And one other thing: to date, Woese's work has involved the
16S fraction of ribosomal RNA; 5S rRNA is too short to be informative,
and 23S rRNA has been a bit long to sequence. Has there been any work
on 23S rRNA sequences, and how does it compare to results from 16S
rRNA ones? Are there any other good sequences for this kind of
long-distance work? How well have transfer RNA's worked out for this
purpose? (yes, I know, they're rather short and probably not too much
good)

	One limitation of molecular-phylogeny techniques is that if
one tries to compensate for variations in molecular-evolution rate,
one becomes unable to find the root of the family tree. This
limitation can be circumvented by employing an outside sequence, but
that is by definition impossible for the universal ancestor. A way out
of that is available if there was a gene that got duplicated in an
ancestor of the universal ancestor, a gene whose descendants can still
be found. For example, certain "elongation factors" seem to fit the
bill quite readily, and a tree constructed with them seems to indicate
that the eukaryotes are descended from certain archaebacteria.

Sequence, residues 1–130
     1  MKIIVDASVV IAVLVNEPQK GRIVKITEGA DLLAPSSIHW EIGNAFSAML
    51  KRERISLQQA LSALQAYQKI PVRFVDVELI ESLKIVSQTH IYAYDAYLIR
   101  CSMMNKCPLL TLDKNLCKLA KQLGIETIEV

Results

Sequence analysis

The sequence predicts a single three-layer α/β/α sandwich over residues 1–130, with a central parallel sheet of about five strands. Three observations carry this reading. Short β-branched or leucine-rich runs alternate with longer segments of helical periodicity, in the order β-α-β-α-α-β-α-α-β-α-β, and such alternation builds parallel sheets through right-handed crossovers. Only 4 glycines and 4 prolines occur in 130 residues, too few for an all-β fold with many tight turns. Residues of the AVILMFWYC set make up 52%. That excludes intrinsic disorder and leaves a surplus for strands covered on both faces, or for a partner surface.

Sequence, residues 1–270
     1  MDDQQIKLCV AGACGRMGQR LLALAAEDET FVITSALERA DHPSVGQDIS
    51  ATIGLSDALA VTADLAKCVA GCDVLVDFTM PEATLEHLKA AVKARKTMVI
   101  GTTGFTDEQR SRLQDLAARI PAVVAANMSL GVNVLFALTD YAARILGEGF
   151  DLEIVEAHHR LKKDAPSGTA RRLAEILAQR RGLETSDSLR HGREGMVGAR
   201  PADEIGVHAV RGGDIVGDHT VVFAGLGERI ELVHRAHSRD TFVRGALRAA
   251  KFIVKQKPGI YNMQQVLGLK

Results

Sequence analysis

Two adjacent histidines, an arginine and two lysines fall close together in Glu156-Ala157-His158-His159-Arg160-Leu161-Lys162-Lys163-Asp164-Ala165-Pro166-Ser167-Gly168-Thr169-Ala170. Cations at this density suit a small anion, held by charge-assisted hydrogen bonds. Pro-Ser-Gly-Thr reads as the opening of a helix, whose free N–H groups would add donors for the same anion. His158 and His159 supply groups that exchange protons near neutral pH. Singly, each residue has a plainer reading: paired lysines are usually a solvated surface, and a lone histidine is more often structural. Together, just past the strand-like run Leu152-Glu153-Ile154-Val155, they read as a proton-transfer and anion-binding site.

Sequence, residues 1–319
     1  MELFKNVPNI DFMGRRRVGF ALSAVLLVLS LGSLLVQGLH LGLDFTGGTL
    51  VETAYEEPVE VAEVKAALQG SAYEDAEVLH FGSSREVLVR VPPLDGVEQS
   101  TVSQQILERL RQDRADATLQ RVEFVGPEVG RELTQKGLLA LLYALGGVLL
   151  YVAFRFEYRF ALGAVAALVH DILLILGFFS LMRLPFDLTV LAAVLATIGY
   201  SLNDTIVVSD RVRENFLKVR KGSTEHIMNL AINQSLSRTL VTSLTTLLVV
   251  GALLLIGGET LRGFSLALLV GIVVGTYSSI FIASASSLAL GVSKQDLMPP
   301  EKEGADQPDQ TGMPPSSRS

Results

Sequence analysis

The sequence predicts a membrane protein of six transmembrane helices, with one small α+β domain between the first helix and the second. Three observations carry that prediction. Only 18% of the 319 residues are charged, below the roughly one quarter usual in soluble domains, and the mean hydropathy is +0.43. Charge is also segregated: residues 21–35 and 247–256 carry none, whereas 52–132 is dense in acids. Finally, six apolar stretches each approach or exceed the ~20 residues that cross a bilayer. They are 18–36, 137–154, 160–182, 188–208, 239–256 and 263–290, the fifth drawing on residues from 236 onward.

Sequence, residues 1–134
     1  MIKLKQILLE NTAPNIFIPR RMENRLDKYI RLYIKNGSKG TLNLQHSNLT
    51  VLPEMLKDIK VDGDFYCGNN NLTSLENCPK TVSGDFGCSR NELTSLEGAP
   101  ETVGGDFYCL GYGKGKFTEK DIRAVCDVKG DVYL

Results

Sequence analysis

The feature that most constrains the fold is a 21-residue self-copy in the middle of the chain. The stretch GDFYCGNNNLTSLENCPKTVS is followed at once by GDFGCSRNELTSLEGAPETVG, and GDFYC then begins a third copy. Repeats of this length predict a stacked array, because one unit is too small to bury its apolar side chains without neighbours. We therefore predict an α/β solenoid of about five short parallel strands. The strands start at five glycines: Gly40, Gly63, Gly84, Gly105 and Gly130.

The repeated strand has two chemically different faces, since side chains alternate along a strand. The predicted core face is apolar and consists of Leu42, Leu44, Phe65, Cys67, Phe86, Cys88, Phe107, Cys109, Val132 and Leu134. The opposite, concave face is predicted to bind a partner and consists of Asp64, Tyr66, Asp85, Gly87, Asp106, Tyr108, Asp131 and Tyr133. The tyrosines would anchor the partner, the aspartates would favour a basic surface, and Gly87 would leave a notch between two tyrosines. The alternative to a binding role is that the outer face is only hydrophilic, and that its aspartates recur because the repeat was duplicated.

If this result is correct, then we have an idea of what the
youngest common ancestor was like (or at least that of all those
looked at in any detail):

	It was a TA'phile, preferring to live in sulfuric-acid hot
springs, and it was autotrophic, subsisting on inorganic compounds and
carbon dioxide. It may have had some simple form of photosynthesis.

	This is contrary to a certain received wisdom about the
original organism, as explained earlier about the eubacterial
ancestor; instead of being dependent on its environment for organic
molecules, it was self-sufficient in that regard.

	This is a rather complex organism, with full-fledged DNA ->
RNA -> protein information transfer, complete biosynthesis pathways,
and so forth, and not what one might expect of a
spotaneously-generated one.

	In another post, I will tackle the question of how _it_ may
have evolved.